On Saturday, I walked a prayer labyrinth with two of my dearest friends. Friends who know the good and bad of me, who hear my questions and do not judge and help me find my way.
“What is a prayer labyrinth?” you may ask.
According to one website, “a labyrinth is a path which leads, via a circuitous route, to the center of an intricate design and back out again. A labyrinth’s route is unicursal; that is, it has only a single path. Unlike a maze, a labyrinth is designed for ease of navigation, and it is impossible to get lost within one.
A prayer labyrinth is a labyrinth used to facilitate prayer, meditation, spiritual transformation, and/or global unity. The most famous prayer labyrinths today include an ancient one in the cathedral of Chartres, France, another in the cathedral of Duomo di Siena, Tuscany; and two maintained by Grace Cathedral, an Episcopal church in San Francisco. While prayer labyrinths have been used in Catholic cathedrals for centuries, the past decade has seen resurgence in their popularity, especially within the Emergent Church.”
This weekend, I was at Ferncliff Camp and Conference Center outside of Little Rock, Arkansas. We held our annual women’s retreat there.
This chapel is just behind the labyrinth. I loved its simplicity.
The labyrinth itself was monochromatic. Ground. Fallen leaves. Rocks. Sticks. Mushrooms. Very brown.
As I walked, I had to focus on the ground in order to stay in the path. When I looked closer, I saw the beauty. From a distance, everything seems to be one color. Up close, I saw the variety of colors and textures, and it was beautiful. Things are not always what they seem. Beauty is not always bright, colorful, and young. Look closely to see the truth.
Notice the mushrooms. They grow in decaying matter. In the brown, sleeping nature of Autumn, we have a reminder of the truth that life comes from death. Restoration and respite also come in the darker, quieter days of Autumn and Winter. Spring may mean birth and newness, but Autumn and Winter mean rest and renewal.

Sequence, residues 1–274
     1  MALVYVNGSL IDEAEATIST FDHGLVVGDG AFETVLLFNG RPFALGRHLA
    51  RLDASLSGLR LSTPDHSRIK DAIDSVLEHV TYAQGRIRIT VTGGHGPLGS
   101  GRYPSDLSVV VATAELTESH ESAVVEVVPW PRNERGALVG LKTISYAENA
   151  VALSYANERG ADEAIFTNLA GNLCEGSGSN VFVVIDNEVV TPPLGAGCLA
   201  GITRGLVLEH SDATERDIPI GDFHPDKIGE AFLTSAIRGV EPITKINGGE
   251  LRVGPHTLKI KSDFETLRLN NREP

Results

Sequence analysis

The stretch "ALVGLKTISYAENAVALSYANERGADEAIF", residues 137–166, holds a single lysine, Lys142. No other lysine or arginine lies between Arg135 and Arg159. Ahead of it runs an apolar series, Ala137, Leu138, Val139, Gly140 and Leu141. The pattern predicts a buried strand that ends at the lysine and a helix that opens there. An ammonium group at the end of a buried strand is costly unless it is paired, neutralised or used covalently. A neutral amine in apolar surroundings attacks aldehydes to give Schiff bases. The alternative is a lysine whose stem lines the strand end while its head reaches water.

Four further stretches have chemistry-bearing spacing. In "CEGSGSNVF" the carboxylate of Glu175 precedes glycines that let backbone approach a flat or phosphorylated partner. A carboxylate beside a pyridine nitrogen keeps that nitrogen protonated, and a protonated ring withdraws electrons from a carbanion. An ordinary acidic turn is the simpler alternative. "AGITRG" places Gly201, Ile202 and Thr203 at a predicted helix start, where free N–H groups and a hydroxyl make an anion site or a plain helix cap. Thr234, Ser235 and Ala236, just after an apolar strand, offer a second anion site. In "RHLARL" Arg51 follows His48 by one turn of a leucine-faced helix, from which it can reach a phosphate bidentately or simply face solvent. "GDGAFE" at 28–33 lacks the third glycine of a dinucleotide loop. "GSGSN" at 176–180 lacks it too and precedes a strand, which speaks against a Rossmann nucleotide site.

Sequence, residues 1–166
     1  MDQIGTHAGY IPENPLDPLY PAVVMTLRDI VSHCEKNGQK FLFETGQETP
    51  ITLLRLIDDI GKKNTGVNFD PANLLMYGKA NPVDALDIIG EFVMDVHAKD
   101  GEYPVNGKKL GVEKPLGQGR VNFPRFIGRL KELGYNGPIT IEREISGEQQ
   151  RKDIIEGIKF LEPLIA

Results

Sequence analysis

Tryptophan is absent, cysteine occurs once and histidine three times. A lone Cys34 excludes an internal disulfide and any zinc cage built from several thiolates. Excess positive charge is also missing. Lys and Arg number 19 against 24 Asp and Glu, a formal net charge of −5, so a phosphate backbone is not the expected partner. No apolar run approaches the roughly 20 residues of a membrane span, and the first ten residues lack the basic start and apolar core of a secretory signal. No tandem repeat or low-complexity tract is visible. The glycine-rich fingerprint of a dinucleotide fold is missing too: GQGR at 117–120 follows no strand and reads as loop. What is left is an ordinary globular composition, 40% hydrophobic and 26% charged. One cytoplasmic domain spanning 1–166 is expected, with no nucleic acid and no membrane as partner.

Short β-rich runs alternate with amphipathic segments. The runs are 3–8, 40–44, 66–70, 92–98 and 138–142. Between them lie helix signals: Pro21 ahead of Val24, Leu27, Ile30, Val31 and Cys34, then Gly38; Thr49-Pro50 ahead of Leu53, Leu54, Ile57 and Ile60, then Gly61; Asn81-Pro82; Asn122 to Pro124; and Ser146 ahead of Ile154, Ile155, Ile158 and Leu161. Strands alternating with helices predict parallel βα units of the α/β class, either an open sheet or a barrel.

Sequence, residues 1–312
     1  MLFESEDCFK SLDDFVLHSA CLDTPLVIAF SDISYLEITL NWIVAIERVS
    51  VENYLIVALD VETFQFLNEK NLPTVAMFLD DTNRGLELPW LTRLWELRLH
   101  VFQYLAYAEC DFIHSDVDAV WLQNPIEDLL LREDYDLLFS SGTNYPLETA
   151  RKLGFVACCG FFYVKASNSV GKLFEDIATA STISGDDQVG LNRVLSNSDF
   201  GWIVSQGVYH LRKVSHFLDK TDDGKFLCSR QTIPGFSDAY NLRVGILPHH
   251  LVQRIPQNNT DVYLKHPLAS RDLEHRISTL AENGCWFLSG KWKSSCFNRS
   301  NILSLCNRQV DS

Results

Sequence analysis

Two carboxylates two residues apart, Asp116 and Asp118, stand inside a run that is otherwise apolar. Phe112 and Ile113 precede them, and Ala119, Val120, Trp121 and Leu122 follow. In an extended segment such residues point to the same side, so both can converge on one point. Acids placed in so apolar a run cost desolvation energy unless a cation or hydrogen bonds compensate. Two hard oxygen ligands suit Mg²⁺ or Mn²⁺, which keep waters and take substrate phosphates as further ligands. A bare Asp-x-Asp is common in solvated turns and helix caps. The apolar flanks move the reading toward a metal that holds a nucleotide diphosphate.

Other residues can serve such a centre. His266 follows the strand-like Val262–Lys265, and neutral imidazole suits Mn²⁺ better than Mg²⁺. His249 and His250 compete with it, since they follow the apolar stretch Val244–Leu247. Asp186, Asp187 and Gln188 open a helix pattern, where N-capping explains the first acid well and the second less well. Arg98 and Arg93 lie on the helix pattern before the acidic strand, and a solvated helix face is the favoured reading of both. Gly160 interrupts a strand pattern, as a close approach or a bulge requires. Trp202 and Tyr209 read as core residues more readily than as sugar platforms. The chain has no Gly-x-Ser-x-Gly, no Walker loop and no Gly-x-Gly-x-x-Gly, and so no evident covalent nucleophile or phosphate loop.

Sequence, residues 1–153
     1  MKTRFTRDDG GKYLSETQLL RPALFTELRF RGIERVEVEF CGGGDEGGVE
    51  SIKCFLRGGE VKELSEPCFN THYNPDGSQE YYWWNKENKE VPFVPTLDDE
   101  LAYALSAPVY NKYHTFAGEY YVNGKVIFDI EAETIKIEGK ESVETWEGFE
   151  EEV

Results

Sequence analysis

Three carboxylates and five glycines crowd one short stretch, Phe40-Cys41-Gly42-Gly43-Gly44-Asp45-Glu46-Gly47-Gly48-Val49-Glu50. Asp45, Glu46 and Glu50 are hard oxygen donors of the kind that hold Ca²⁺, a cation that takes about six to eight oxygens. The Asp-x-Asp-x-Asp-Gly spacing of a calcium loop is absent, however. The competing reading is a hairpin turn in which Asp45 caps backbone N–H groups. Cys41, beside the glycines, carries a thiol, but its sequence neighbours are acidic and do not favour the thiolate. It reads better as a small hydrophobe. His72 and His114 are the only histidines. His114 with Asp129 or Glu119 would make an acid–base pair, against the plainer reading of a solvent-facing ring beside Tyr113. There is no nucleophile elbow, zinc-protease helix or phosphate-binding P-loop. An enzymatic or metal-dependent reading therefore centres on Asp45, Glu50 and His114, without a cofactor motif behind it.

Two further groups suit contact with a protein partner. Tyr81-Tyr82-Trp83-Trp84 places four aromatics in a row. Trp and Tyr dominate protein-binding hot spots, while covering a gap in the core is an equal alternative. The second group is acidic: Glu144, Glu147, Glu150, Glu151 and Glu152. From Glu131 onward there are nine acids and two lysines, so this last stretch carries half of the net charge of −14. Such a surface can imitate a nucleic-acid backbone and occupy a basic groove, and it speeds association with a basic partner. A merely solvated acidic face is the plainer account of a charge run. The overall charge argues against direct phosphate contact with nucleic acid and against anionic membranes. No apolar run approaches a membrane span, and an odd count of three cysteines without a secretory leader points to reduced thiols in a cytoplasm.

The rock says what you think it does. Columbine. A word that now means tragedy and horror and violence. The Ferncliff Center has served a retreat and healing place for survivors of many mass shootings. As I a saw the rocks they left behind, I was reminded that we can draw strength from the pain and experiences of others. Their willingness to put one foot in front of another and carry on is inspiring. Contrary to popular belief, we do not have to experience something to know about it. We can learn from others.
When I reached the center of the labyrinth, I took a moment to stand, look up, and just be. I saw the clear Fall sky, and the brilliant leaves, rejuvenated by recent rains and still clinging to the tree. Beauty not only comes from similarity, but is also present in the stark contrasts of life. This beauty is more familiar — more obvious — but even here, we must be careful not to overlook it. We must take a moment to be where we are and open our eyes and truly see.
These are my labyrinth sisters. We experienced this together, but separately. At one point, I was walking one direction and they passed me on either side, walking the opposite way. In life, we are all on the same journey, but we have to take our own trip. Others will be with us, but they cannot walk for us. We have a solitary journey, but we are never alone, and the experience is richer when we journey with others. I treasure having this shared experience with them.
I met God in a labyrinth. He brought me to tears, and encouraged me. He showed me beauty in the mundane and in the brilliance. He reminded me that life comes from death. He reminded me that I can draw courage from the faith of others. He taught me again that I must walk for myself, but never by myself.
And it was very good.